Frontiersman: Daniel Boone and the Making of America by Meredith Mason Brown - review by Frank McLynn

Frank McLynn

Columbus of the Woods

Frontiersman: Daniel Boone and the Making of America


Louisiana State University Press 375pp £26

When Daniel Boone died in 1820, just a few days short of his eighty-sixth birthday, he was already the most famous American on the frontier and would maintain that position, even when challenged later by the likes of Davy Crockett and Kit Carson. His career was coextensive with the birth of the United States and its rise to a position of power among the nations. Multiple legends have accumulated around him like barnacles on the hull of a schooner, and Meredith Brown makes it part of his task to do a spot of ‘careening’, scraping away the myth and allowing us to see the historical figure.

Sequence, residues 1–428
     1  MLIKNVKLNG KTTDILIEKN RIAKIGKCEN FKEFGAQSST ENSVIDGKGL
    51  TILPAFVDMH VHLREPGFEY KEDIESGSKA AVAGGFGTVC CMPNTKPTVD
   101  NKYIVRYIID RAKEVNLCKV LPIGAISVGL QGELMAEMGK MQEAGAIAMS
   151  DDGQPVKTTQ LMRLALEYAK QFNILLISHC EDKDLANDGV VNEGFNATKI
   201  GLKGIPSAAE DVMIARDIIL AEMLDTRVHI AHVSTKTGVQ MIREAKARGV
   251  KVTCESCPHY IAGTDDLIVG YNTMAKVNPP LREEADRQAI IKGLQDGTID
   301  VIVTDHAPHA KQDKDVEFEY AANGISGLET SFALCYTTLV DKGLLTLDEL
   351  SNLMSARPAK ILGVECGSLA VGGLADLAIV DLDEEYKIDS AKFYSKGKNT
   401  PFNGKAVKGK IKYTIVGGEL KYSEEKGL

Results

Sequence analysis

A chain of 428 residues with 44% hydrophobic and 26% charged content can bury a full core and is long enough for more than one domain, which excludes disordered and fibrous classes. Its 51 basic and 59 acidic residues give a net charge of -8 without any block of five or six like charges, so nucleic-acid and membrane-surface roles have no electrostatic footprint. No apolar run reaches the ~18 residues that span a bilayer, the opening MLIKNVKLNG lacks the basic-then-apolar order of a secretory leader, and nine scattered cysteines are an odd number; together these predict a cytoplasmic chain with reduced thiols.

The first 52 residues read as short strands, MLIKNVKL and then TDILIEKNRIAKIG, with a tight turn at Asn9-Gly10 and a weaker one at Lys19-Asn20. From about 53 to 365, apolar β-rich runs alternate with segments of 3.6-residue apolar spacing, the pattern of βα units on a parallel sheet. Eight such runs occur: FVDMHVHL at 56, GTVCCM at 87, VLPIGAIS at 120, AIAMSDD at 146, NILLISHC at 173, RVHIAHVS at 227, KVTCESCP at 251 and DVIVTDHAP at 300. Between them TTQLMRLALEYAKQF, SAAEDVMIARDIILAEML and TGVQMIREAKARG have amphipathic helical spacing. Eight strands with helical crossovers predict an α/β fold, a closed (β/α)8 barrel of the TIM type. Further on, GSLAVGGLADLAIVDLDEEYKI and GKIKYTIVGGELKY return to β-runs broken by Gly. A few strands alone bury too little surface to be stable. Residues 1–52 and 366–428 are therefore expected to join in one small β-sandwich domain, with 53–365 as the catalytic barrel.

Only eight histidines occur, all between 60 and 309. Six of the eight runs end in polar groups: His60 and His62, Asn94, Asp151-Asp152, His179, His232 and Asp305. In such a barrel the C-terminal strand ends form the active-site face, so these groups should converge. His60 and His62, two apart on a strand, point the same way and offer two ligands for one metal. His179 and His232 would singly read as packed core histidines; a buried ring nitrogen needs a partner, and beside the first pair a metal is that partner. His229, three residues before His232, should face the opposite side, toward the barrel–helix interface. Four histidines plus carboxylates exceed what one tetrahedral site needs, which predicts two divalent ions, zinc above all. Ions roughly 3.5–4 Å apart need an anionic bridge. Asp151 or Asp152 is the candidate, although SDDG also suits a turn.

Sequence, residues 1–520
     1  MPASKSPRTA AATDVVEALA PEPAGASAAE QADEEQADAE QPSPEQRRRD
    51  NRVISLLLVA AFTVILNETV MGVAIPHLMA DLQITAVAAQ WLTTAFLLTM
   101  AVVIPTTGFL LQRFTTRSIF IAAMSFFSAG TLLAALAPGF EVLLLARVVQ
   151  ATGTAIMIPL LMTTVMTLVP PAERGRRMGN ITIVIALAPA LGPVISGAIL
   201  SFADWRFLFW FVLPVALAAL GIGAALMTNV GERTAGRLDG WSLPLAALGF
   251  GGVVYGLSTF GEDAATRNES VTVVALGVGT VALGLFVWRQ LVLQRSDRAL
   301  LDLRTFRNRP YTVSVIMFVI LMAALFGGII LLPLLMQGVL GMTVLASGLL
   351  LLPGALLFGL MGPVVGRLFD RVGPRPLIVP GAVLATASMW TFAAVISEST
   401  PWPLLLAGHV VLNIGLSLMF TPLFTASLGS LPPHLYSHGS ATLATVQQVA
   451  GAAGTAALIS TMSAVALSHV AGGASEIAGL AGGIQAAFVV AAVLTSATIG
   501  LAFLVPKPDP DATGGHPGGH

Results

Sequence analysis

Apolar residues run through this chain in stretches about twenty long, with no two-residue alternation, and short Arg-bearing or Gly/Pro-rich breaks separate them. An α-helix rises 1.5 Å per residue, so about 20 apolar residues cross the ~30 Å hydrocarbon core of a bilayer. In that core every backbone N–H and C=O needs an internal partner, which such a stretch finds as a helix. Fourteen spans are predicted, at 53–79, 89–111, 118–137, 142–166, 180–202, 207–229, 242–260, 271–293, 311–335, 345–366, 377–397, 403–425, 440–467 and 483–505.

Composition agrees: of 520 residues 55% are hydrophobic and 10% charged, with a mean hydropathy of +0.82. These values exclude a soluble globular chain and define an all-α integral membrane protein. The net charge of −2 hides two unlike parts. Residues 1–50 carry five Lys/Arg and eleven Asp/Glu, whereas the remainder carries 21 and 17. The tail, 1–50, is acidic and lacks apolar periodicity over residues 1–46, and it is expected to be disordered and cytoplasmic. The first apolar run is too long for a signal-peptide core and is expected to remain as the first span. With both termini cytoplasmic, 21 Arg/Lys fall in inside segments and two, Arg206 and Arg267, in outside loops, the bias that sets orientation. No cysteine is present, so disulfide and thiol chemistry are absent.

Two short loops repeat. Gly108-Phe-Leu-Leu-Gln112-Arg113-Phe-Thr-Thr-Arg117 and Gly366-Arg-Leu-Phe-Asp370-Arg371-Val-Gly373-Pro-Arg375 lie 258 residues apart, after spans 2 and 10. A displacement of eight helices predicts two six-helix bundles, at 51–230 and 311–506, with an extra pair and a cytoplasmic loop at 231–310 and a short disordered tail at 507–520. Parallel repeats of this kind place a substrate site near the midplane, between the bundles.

Even in terms of sober historical achievement Boone’s feats were impressive. On foot, horseback or canoe he travelled the eastern seaboard from Maryland to Florida, thoroughly explored North Carolina, Kentucky and Tennessee, and made forays into Ohio, Michigan, across the Mississippi and up the Missouri. He was effectively

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